, Volume 25, Issue 6, pp 2000-2003,
Open Access This content is freely available online to anyone, anywhere at any time.
Date: 08 Dec 2010

Controversy in the treatment of symptomatic internal rectal prolapse: suspension or resection?

This is an excerpt from the content

Internal rectal prolapse (IRP) is a full-thickness intussusception of the rectum during defecation. Radiologically, different grades have been proposed: from low-grade (rectorectal intussusception) to high-grade (rectoanal intussusception) prolapse. This prolapse may lead to an outlet obstruction and/or fecal incontinence. IRP plays an important role in the pathophysiology of obstructed defecation (OD), which is the inability to empty the rectum satisfactorily during defecation and is more specifically defined in the Rome III criteria.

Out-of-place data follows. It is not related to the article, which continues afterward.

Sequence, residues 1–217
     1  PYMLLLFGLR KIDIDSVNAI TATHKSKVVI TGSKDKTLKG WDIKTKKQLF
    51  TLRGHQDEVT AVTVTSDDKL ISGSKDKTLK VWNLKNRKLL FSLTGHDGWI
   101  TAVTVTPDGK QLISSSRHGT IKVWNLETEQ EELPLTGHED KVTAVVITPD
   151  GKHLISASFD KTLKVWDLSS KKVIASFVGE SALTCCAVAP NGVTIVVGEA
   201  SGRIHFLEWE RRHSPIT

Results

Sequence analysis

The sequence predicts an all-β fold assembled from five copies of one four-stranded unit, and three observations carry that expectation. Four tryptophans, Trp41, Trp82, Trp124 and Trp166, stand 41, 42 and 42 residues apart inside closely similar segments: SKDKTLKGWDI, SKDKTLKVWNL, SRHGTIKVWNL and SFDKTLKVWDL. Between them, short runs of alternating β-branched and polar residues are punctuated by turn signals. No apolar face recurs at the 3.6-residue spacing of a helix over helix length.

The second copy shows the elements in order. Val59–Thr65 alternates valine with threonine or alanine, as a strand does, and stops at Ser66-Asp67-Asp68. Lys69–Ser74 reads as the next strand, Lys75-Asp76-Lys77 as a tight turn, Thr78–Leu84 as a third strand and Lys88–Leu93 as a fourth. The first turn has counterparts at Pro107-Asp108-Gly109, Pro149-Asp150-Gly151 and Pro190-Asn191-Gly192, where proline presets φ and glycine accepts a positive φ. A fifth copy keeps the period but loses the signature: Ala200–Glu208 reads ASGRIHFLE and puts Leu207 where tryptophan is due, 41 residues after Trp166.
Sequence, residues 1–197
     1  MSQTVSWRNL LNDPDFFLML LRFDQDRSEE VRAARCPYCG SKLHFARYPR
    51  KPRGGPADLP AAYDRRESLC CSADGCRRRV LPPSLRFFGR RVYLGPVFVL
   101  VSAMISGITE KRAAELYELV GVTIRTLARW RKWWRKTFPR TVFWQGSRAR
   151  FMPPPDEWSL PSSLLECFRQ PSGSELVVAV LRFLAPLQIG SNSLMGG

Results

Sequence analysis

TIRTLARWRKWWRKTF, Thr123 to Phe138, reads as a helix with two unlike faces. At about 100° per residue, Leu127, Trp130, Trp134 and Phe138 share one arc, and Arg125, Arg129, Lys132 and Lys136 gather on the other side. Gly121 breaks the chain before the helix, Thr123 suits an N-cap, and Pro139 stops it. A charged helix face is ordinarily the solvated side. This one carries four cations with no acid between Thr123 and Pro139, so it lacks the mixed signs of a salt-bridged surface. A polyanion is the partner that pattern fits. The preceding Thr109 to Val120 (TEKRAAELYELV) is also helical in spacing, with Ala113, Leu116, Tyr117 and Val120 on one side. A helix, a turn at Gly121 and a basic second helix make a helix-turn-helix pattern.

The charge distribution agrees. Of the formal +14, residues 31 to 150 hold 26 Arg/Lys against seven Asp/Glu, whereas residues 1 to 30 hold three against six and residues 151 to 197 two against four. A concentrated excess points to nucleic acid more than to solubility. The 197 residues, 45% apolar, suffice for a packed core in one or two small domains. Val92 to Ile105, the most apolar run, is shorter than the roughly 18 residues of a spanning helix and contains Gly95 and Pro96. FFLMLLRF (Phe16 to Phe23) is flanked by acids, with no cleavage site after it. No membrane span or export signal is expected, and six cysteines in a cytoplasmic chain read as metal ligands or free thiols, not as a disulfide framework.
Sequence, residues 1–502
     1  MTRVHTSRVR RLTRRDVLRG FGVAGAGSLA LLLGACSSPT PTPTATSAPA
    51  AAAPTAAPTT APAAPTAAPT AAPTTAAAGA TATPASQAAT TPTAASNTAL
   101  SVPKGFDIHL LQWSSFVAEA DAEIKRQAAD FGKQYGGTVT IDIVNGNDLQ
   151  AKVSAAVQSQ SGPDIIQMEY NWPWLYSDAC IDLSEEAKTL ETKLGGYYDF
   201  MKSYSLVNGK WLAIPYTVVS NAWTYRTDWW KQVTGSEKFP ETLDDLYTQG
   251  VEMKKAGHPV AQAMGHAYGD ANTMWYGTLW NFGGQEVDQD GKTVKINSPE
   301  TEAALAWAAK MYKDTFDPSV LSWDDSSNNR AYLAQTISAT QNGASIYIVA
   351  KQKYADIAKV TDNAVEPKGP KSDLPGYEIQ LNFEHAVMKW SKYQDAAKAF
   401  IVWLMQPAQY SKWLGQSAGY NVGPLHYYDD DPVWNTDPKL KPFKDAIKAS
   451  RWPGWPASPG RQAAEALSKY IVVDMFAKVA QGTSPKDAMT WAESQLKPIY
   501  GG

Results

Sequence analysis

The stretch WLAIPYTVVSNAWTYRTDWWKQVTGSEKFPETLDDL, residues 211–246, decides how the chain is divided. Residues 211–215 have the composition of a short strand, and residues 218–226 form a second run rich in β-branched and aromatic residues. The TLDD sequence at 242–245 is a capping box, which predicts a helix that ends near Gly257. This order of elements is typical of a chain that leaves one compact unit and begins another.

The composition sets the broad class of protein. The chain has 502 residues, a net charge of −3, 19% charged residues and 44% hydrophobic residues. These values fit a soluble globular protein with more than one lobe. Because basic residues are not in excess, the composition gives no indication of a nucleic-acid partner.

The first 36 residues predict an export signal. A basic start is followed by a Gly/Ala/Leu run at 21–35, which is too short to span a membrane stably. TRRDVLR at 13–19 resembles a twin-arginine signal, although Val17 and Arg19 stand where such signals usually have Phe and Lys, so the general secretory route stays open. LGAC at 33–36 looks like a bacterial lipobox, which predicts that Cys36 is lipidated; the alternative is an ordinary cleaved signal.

There has been debate for decades about the clinical significance of IRP. However, there appears to be a renewed interest in the clinical relevance and treatment of IRP. The long disputed progression into ERP has been made more plausible by recent data published by Wijffels et al. [1] on the natural history of IRP. Moreover, various recent publications on new surgical techniques have shown improved functional outcome after prolapse correction compared wit